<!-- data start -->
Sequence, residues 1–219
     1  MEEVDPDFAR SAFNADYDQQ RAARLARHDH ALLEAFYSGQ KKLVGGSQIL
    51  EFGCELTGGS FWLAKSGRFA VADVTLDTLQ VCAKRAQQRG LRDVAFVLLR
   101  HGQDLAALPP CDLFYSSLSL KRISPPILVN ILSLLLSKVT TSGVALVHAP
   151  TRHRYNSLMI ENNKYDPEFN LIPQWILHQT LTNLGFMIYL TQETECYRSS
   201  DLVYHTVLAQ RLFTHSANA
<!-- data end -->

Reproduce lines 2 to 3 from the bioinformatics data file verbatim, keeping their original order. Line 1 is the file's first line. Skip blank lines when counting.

     1  MEEVDPDFAR SAFNADYDQQ RAARLARHDH ALLEAFYSGQ KKLVGGSQIL
    51  EFGCELTGGS FWLAKSGRFA VADVTLDTLQ VCAKRAQQRG LRDVAFVLLR